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Securing WordPress on On-Ramp Indiana's Servers

If you've read the installation post, or if you have only read about attacks, you may be aware that running any content management system has implied risks. What are these risks? First, WordPress and all CMS are third-party software. You and I didn't write them, and we don't warranty their fitness for any purpose. Talk to a website expert if you have trouble determining the amount of risk and exposure that is right for you based upon this.

Due to the possibility of remote code execution, sql injection, and file permissions issues, we recommend auditing all web properties regularly. The process below is the foundation a healthy data stewardship should be set upon. Preformed regularly, you can mitigate many of the inherent risks in content management systems such as WordPress. The alternative is to forever be at the mercy of internet terrorism.

First, login to the control panel provided by the website host. Be sure that your web user does not have permissions to write all willy-nilly. I understand that you may need to write to folders sometimes, such as the wp-content folder in WordPress. When you are finished editing the website, lock the gate closed by removing those write permissions. Generally speaking, the web or www user should only need read; not read/execute, as the file type is picked up by the handler mapping in IIS or the deceleration in the apache configuration (sometimes in the .htaccess file in the root of the folder).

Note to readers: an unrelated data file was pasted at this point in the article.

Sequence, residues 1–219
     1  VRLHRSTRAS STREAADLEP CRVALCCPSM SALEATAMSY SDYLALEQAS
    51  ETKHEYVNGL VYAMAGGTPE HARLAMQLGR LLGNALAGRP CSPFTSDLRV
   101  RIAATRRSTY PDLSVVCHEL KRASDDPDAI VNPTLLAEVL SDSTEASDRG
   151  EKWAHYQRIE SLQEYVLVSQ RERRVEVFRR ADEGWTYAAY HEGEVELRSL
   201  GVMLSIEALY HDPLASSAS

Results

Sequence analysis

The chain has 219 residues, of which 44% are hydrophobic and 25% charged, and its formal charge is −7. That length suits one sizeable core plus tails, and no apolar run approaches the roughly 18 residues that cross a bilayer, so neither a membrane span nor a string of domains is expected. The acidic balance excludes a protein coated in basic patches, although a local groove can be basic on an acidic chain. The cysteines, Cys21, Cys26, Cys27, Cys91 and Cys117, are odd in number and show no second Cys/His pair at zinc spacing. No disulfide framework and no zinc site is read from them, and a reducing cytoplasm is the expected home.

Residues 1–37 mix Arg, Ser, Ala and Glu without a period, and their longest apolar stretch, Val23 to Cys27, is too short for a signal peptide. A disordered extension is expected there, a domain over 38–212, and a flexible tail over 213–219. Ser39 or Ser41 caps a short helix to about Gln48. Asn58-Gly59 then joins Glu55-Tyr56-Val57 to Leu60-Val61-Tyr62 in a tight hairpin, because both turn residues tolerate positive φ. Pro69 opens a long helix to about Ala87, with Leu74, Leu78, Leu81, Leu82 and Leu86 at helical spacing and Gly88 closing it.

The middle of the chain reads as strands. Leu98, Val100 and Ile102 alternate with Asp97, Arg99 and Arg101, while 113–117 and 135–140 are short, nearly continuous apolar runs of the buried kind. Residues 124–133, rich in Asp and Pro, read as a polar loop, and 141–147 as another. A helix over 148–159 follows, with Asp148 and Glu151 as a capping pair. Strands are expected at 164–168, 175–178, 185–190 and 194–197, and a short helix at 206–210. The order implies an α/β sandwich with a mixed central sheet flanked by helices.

Next, find a way to efficiently backup your site. In most cases, you should use FTP so you have a good sense for directory structure, should you have to restore that precious backup. Next, delete your site! You got it, remove all! To pass the test, restore your local copy of the files, and prove that it works. Test it again! Good, that's how painless restoring your site should be. Now repeat the process for SQL/MySQL - this is imperative Every person responsible for producing a website should understand the database is separate from the files that make up the site. Drop and re-create the database as well.

So now that you have validated your Data Restore process, you must now make that a habit. I'd suggest scheduling an ftp backup via command line regularly. As with any backup, archive a few versions based upon your normal protocol. I carry no fewer than 5 days of backup, on the off chance something implodes while I'm out. I like to have 5 weeks.

Now that you know how to backup, you can perform that dance one more time, before we upgrade WordPress to the latest version. That's right, every time it's updated, you'd better update too. The reason why stems from how updates work. Now that the updated code is out there, the bad folks can read the changes, and take advantage of any new found bugs. Based upon version alone many sites get compromised as vulnerability scanners are turned against the whole internet, attacking each vulnerable site as they are found.

The challenge from this process is sometimes the plugins installed in a WordPress site, or the theme itself is getting in the way of progress. The version of WordPress may fix a bug your site depended upon. Often this can be resolved by updating the plugins after updating the WordPress site. Sometimes, there are not any updates, and you must use another module, which will invariably require installation and configuration.

While you are updating and fixing your site, add another plugin to it free or paid, to help protect your hard work from malicious attacks. I recommend the Pro version for my favorite feature, and that's the integration with TrustedSec's Project Artillery. For those not in the know, here's enough information to get you started. Keep in mind the free version of attack scanner for WordPress will not permit you to act on threats, only visualize and assess risk.

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